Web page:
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Cirque Du Soleil
“Someone”
Delirium
(Cirque Du Soleil)
[listen] [buy] [download]

Patricia Barber
“Whiteworld/Oedipus”
Mythologies
(Blue Note)
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Cirque Du Soleil
“Someone”
Delirium
(Cirque Du Soleil)
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Jim Pearce
“Why I Haven't Got You”
Prairie Dog Ballet
(Oak Avenue Publishing)
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Andy Timmons Band
“Gone (9/11/01)”
Resolution
(Favored Nations)
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Ralph Towner
“If”
Time Line
(ECM Records)
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Anoushka Shankar
"Beloved"
Rise
(Angel)
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Amos Lee
"Arms Of A Woman"
Amos Lee
(Blue Note)
[listen]

Julius Curcio
"American Pie"
Alligator Shoes
(Electric Roots)
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Lemon
"Come Alive"
Changing Into Me
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Audio [Issue #24]
: Diavolo
By Ken Micallef



People sometimes ask audio reviewers, “What do you own?” This is my chance to answer that question. As one who has reviewed high end audio gear for six years, I have had my share of amplifiers to enjoy.

I’ve reviewed complex solid state behemoths, simply designed vacuum tube wonders, and many amps in between. At some point I became enamored with an amplifier design that is enjoying a revival among hi-fi enthusiasts: the SET, or single ended triode.

Without getting into the debate between high and low wattage, or push pull wave forms versus SET, the simplest way to explain the glory of the SET tube amp is to say it somehow gets a listener closer to the music. In layman’s terms, where the push pull amp (which constitutes most high wattage tube amplifiers) must break up the wave form to create a picture of the sound or signal put to it, the SET need not break up the wave form, and can thus create a much more accurate portrayal of the recorded event. The rub? For some, at least, is the low power output of the average SET, which is typically between 5 and 17 watts. Holy moly tubular Batman! How can you run a pair of he-man speakers with that? This is where the Art Audio Diavolo comes in.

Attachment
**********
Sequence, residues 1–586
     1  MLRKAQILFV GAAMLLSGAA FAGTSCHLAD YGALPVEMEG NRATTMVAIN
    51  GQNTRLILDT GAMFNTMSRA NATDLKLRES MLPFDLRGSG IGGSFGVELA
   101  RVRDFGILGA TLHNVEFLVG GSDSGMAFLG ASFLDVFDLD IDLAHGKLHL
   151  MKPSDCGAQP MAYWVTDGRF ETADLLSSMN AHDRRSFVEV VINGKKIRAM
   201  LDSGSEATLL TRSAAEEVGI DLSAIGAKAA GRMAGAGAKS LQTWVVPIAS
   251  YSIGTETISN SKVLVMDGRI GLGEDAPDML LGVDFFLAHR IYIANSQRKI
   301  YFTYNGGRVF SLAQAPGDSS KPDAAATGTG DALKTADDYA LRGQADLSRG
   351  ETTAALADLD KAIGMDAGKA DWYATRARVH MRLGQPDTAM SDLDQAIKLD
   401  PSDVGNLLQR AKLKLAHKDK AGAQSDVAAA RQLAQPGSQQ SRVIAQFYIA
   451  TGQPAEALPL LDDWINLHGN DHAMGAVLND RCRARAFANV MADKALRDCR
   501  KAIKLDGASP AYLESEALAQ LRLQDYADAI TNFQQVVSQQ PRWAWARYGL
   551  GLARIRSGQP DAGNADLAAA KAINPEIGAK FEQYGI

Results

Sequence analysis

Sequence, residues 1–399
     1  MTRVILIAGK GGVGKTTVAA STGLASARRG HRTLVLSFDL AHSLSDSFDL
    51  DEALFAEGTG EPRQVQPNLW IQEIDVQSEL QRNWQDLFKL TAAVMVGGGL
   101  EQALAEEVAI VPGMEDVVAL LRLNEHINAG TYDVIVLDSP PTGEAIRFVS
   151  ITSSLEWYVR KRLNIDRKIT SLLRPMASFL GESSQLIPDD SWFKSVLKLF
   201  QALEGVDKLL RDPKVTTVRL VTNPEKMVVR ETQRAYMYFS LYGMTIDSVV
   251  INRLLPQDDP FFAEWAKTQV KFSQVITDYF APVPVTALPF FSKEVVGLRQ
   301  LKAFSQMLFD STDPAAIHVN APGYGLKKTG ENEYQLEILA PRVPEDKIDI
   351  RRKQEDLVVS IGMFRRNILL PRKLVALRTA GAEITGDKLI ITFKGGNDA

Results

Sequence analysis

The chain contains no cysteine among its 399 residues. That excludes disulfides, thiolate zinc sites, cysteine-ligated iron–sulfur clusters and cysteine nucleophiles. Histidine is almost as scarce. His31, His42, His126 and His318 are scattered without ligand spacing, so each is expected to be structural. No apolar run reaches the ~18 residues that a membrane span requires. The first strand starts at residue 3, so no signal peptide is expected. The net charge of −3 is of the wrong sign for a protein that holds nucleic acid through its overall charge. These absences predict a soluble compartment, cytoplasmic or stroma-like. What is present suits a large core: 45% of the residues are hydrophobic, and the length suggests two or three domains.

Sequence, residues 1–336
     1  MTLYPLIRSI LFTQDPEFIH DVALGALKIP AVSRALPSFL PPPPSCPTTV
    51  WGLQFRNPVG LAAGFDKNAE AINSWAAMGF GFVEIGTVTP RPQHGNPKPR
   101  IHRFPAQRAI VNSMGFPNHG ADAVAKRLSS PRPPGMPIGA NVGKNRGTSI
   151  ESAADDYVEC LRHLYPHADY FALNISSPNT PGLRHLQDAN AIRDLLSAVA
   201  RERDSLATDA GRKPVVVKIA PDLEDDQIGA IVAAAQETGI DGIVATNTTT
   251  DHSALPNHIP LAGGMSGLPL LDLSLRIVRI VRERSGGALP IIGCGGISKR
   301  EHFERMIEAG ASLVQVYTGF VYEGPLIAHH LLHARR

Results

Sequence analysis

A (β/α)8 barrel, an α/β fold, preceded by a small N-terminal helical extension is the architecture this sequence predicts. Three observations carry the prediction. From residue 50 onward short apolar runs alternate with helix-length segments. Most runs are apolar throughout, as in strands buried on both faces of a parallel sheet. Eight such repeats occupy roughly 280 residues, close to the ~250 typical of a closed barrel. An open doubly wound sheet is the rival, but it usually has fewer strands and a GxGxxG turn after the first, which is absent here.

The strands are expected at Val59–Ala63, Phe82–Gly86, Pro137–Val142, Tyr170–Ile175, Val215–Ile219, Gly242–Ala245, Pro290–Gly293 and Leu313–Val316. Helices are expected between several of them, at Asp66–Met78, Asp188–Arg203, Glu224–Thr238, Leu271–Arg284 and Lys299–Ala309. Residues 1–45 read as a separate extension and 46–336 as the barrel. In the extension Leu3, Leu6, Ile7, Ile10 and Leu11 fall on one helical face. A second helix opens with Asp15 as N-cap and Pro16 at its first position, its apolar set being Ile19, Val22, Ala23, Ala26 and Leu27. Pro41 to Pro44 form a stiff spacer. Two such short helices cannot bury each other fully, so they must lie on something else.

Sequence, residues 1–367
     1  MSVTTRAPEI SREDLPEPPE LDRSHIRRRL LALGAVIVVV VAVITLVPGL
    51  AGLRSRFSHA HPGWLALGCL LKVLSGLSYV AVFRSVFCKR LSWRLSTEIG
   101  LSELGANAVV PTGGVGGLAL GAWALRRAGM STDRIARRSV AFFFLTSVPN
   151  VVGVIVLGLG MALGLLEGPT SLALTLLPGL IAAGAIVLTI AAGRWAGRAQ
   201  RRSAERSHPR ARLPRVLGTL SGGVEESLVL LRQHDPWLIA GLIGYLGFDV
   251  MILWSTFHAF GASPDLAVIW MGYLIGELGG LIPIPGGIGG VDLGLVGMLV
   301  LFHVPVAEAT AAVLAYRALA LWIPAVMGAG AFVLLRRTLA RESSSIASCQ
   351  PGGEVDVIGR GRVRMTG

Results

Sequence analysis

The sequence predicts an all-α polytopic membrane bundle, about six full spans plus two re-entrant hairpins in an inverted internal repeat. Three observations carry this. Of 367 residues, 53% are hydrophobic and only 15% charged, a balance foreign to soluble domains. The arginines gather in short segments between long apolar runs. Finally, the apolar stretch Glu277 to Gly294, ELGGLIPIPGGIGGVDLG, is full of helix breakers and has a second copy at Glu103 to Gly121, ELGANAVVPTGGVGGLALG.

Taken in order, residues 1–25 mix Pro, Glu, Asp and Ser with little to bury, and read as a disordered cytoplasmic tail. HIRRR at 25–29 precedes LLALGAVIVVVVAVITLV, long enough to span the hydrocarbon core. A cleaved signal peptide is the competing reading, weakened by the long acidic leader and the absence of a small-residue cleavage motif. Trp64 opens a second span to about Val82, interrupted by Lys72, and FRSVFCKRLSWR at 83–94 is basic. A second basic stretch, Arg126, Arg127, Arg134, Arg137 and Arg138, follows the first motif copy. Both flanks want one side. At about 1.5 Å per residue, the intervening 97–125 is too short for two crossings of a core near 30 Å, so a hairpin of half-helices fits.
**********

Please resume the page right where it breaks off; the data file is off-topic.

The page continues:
Pushing out a glorious 17 wpc, the $7,000 Art Audio Diavalo is the SET that sounds like a push pull, but better. Art Audio head honcho Joe Fratus is renown for his tube designs, and the Diavolo may be his stellar achievement. Even the best SET - think Shindo, Wavelength, Audio Note - usually sacrifice the ability to run real world speakers for a magnificent, wonderfully fleshy midrange. The midrange is where most of the music is happening, and where the SET can strut its stuff. But one must find extremely efficient speakers to run with such a low powered amp. But those rules don’t apply with the Diavolo. Running my DeVore Super 8 speakers, with a very ordinary efficiency rating of 89dB, the Diavalo filled my room with sound like no SET (or in some cases, push pull) amp before it.